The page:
In Turkish, the name for this potentially tricky sauce includes the word terbiye, which means two things in that language: 1) behave, as when parents teach their children good manners; and 2) a marinade or dressing. In the case of a dressing (or finishing sauce), it can be composed of milk and egg yolks, egg yolk, flour and yogurt, or egg yolk and lemon juice. And this brings us back to Constantinople-style artichokes, a dish shared by Greeks and Turks, where the addition of egg and lemon is coaxed into providing a delicious coating for simply simmered artichokes, carrots, potatoes, onions and dill.

But the search for the origins of avgolemono suddenly took a turn to the western Mediterranean when we came upon references to agristada in Claudia Roden’s encyclopedic and vastly entertaining The Book of Jewish Food. In it she describes the sauce “generally known as Greek and Turkish . . . as one of the cornerstones of Sephardi cooking, [which] appears in old Judeo-Spanish and Portuguese recipes.” She says that it shows up in early Iberian communities in countries such as England, Holland and Denmark and of course in Salonica, where so many Sephardic Jews found refuge as guests of the Sultan after their expulsion from Spain during the Inquisition (late 15th century).

Intrigued, we contacted CB’s Lisbon branch for further elucidation. Yes, they replied, there are several dishes finished with egg-lemon in Portugal, the most common being fricassees of “fish, octopus, and of course, salt cod, as well as eel and rabbit” and, curiously, though only in the north, a very un-Greek duck stew seasoned with cinnamon!

Even so, beloved though avgolemono might be throughout the Mediterranean no matter which name it goes under, we still insist that the Greeks have developed more uses for it, more dishes with it than any other cooks.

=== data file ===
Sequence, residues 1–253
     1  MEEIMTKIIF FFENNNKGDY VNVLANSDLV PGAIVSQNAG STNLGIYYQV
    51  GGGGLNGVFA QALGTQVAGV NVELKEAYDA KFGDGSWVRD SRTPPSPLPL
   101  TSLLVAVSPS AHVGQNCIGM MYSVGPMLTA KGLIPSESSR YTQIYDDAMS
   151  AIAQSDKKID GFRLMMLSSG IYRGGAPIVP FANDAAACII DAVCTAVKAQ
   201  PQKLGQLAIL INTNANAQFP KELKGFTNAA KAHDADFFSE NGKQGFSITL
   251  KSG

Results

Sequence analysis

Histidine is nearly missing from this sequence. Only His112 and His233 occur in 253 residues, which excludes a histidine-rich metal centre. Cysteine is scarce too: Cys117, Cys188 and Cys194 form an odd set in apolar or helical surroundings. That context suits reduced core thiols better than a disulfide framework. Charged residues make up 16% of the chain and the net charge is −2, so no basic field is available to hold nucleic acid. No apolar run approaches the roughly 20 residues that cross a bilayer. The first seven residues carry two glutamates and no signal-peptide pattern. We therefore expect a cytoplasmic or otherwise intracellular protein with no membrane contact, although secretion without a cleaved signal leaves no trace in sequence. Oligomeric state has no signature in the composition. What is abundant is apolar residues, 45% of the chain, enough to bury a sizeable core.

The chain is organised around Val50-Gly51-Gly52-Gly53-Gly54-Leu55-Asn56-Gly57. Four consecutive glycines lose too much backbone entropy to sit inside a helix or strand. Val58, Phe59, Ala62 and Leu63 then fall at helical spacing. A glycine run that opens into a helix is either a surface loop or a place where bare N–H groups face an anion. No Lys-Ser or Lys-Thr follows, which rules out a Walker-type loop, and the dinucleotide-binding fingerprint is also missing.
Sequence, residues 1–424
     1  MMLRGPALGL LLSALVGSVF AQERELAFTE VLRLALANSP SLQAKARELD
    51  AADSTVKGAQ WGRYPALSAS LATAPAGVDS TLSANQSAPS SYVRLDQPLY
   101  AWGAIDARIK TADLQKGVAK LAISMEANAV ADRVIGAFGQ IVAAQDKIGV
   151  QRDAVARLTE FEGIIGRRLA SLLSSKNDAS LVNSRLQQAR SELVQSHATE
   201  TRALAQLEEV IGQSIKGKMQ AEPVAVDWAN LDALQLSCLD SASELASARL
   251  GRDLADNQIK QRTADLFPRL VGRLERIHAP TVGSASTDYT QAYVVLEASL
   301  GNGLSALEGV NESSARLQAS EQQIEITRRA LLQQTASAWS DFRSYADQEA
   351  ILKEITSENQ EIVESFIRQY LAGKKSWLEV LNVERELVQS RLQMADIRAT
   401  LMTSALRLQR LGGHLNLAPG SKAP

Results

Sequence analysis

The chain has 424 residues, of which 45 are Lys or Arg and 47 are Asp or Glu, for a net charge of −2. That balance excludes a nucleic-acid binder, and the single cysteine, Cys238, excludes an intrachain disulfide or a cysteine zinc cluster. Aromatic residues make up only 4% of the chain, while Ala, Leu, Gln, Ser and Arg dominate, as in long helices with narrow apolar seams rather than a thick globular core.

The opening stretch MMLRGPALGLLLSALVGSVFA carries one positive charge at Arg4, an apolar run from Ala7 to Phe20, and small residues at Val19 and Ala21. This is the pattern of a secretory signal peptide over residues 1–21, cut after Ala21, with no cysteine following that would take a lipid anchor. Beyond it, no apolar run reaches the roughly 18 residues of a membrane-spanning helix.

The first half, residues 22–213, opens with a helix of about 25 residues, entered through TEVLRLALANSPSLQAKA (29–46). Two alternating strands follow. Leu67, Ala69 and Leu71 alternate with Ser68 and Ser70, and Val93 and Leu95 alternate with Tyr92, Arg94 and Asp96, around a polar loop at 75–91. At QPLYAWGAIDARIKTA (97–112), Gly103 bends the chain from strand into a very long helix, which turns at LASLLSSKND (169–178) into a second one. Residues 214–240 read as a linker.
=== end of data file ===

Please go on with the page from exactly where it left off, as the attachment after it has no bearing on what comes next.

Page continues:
Editor’s note: Our recurring feature, Building Blocks, focuses on foods and ingredients that are fundamental to the cuisines we write about.

Recipe: Avgolemono Soup

Avgolemono is unusual in that neither fat nor flour needs to be present to get the sauce or soup to thicken. Beaten egg or yolks alone are mixed with lemon juice and then slowly added to the cooking liquid, which must be kept below boiling lest the egg curdle and leave you with something resembling scrambled eggs.

12 cups chicken, fish, vegetable or meat stock
2 eggs, separated
juice of 2 lemons, or more to taste
salt and freshly ground black pepper to taste

Remove the soup from the heat. In a large bowl beat the 2 egg whites until fairly stiff, then whisk the yolks in a separate bowl. Add the lemon juice very slowly to the yolks, whisking all the while. Now stir the mixture slowly into the egg whites. Drizzle two cups of the broth into the egg-lemon bowl, stirring as you do so. Pour this liquid, a little at a time, back into the soup pot, stirring in one direction. Season with salt and pepper and reheat without allowing the soup to boil. Do not cover or the soup may curdle and serve immediately.

You may also beat the whole eggs together or use just the yolks and proceed in the same way for a less frothy version.

Adapted from Prospero’s Kitchen, Island Cooking of Greece, by Diana Farr Louis and June Marinos, I.B. Tauris, London, 2012.